What’s driving demand for automation in the telecom industry?

The road forward in the telecom industry is dotted with both opportunities and risks, presenting an uncertain future for service providers that fail to innovate and evolve. Telecom consumers are using more data than ever before, while telecom service prices are quickly eroding. Looking ahead, CSP CIOs are becoming much more involved in business model changes to support digital transformation initiatives that include new delivery capability to accelerate revenue, drive total automation, and enable digital experiences. To support those changes, they are leaning on niche software vendors and platforms to drive that success quickly and cost effectively.

That’s easier said than done, of course, especially considering the infrastructure changes that need to occur to revamp telecom capabilities and meet current challenges. Automation is an all-important piece of the puzzle, establishing the technological foundation to pursue any number of revenue-generating telecom services. What market forces have made network automation essential to telecom success?

The Internet of Things & 5G ramps up

Futurists and other technology experts have discussed the forthcoming Internet of Things (IoT) for quite a while now – and as we are seeing in 2020, IoT is now developing into a mature industry with attractive growth opportunities. The basic idea driving IoT is that anything, from a refrigerator to a car to a HVAC system to parking lots to water sensors, can be designed with a network connection. The consumer, business and sociological implications of this technology are immense, but so too are the ramifications for telecom networks. 

When everything becomes a connected device –  driven by expanding cloud infrastructure and the rise of 5G – it is even more important for networks to be prepared to support the increase in traffic, bandwidth, and quality of service requirements.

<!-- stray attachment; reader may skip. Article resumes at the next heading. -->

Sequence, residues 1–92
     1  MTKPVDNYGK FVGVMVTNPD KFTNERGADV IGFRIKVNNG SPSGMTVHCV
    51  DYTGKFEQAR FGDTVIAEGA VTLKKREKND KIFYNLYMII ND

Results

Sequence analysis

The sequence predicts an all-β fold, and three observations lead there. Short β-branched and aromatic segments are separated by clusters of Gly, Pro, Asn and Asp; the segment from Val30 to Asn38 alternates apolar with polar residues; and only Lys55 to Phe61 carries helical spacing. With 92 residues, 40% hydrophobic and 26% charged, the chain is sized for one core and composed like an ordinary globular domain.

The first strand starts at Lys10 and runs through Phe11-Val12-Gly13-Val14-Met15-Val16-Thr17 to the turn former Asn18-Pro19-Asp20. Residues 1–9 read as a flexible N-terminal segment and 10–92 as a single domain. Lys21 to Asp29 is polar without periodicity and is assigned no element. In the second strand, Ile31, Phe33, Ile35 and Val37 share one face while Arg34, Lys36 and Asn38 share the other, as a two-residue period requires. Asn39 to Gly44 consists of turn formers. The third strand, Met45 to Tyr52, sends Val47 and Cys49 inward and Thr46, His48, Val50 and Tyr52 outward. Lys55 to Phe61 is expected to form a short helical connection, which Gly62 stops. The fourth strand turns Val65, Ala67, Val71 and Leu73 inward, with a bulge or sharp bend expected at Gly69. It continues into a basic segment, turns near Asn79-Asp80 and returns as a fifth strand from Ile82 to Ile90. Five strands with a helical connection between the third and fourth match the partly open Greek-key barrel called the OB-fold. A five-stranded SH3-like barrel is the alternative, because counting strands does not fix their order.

Technology writer, Gilad David Maayan, shares that by 2021, there will be 35 billion IoT devices installed worldwide – and more than 75 billion by 2025. – representing an incredible increase in network activity.  And that is just the start.

The larger IoT becomes, the more strain will be placed on existing networks, impacting telecom service delivery. End-to-end network automation can help ease this burden and offset the impact that IoT devices have on network capabilities.

IoT will continue to have a major impact on telecom networks. And SDN controls in the network to adapt and work with that software is becoming increasingly important.

Data usage continues to rise

IoT is just one facet of the rising data usage trend. Across the board, telecom customers are consuming more data and using up more bandwidth. This is especially true of enterprise clients, who rely on data-intensive applications, platforms and devices for a number of everyday operations. Video conferencing tools, cloud-based collaboration platforms and bring-your-own-device policies all require a great deal of data to support, and networks as they are currently arranged may not be up to the task of providing optimal service delivery at all times.